Government increasingly outsources business intelligence work

More agencies are turning to third-party data brokers to mitigate risks.

Dun and Bradstreet has been supplying business intelligence to the federal government for the past two and a half decades, but in the past five years, the government has dramatically increased its use of the company’s data. The Homeland Security Department and the intelligence community in particular rely on D&B information for risk mitigation.

Federal officials sometimes use the data simply to validate a company’s address, for example, said Chris Corrie, an assistant vice president of D&B’s federal sector business development group. But the database offers additional information, such as whether the business is active and operational, pays taxes, has a high credit risk, or is registered with the secretary of state.

Lauren Jones, director of consulting at the market research firm Input, said local, state and federal government agencies need accurate third-party business intelligence such as that supplied by D&B, LexisNexis and Hoover’s. Some federal agencies ask Input, which collects information about government contracts and the information technology market, for information about vendors and IT spending.

Michael Caskin, an assistant vice president of D&B’s federal sector business development group, said the company provides corroborating evidence about a particular business from trusted third-party documentary sources, such as the secretary of state or payment histories from other organizations.

“So if there’s an entity that’s a trusted part of your supply chain, and then D&B tells you that company has just filed bankruptcy and ceased operations, and yet they’re still actively engaged in your system, that might be a red flag,” Caskin said. “It’s those fundamental uses of the information that has high interest in DHS.”

Corrie said agencies use the data to identify bad or questionable companies and locate good ones. “If you’re looking for a needle in a haystack, we’re reducing that haystack immediately by eliminating the businesses that have a solid track record and are well-known to us,” he said.

D&B, which was founded in 1841 as the Mercantile Agency in New York City, has about 4,700 employees worldwide and generates $1.5 billion in revenue annually. It paid little attention to the government sector until the 2001 terrorist attacks. After that event, federal agencies wanted better business intelligence.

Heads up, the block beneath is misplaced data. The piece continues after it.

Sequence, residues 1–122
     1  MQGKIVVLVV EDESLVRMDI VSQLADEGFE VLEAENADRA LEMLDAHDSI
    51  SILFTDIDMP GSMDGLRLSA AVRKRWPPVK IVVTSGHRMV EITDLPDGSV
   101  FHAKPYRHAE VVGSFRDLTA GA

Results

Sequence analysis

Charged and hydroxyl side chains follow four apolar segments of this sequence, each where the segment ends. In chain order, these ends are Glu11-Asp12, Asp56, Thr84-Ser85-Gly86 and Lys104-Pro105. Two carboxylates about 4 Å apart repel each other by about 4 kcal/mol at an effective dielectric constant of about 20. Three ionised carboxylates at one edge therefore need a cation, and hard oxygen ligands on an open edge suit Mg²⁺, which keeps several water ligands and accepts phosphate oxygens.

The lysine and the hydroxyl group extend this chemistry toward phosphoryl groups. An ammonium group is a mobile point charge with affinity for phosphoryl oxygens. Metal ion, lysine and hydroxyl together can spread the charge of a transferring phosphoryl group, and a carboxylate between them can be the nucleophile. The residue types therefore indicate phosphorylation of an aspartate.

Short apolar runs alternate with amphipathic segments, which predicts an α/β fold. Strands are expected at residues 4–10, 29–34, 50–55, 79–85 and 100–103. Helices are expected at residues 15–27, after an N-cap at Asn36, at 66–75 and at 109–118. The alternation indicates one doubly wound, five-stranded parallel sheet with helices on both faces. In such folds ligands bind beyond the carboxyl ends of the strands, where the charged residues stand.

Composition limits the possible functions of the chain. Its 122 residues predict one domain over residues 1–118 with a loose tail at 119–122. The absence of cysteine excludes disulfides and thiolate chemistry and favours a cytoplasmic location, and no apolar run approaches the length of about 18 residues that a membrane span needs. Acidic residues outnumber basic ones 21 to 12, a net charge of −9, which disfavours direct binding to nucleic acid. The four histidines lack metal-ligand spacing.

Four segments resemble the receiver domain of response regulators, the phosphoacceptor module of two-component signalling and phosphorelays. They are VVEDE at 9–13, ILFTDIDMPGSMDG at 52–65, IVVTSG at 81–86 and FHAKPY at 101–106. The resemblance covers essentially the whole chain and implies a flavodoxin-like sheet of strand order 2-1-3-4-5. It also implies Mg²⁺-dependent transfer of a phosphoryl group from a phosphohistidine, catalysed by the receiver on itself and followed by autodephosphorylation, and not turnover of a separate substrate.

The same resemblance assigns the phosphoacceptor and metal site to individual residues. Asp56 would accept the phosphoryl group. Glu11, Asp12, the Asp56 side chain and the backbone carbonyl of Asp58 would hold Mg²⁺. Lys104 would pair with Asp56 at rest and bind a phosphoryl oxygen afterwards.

Since then, the number of people working in the company’s government solutions group has nearly tripled.

Although the majority of the group’s members focus on the federal government, some pursue state and local government opportunities, said Caskin, a 17-year D&B veteran.

In the past several years, the group’s business has grown 30 percent to 35 percent annually, Caskin said. Growth will continue at that rate for the next 18 months before leveling off to 7 percent to 9 percent, he said.

Corrie said two factors are contributing to the increased government business. “We clearly were underpenetrated in terms of the federal government understanding what we could bring to the game and offer,” he said.

Second, demands for data have increased in government and the overall market, leading to dramatic growth in the past few years. The company is responding to that development.

Corrie and Caskin said most federal agencies use D&B’s data to find out more about a business they’re dealing with. Government agencies integrate that data into their information systems, they said.

Jones couldn’t confirm whether government is using more commercial business data, but she said that is likely because the federal government has a greater need to validate companies’ identities and operations. The Small Business Administration, the General Services Administration and the Defense Department, for example, need business intelligence about companies before they can make loans or award contracts.

Agencies usually need the most current data. Caskin said D&B spends about $250 million a year to maintain a database with the latest information. The company updates its database 1.5 million times a day, he said.

D&B wants to expand its state and local business in the next five years. Caskin said first responders might be able to use the company’s data to assess daytime populations in certain businesses’ locations and gain information about critical infrastructure and assets.

Jones said the government should become more proactive about using commercial data. “It’s much better to save taxpayers money upfront by operating more efficient business practices than it is to recover funds or money after an abuse or an incident of fraud has taken place,” she said.

Dun and Bradstreet wants to track all companies

Dun and Bradstreet uses a Data Universal Numbering System (DUNS) to assign every business a unique nine-character identification number. That number stays with the company from cradle to grave.

D&B has assigned 105 million DUNS numbers globally, but only 45 million are active. Of those 45 million, 20 million are assigned to U.S. companies.

Michael Caskin, an assistant vice president at the company’s federal sector business development group, said federal agencies use the DUNS numbers to track businesses or correlate disparate records.

The company will most likely issue more DUNS numbers in the coming years. Caskin said the company wants to expand its coverage in South America, Asia, Africa and the Middle East through a global network of partners that assist in the data collection process.

“Our goal is to have 100 percent coverage of the globe for all business entities that are operating,” Caskin said. “We have a ways to go, but I think we’re getting there and making a lot of progress.”

— Dibya Sarkar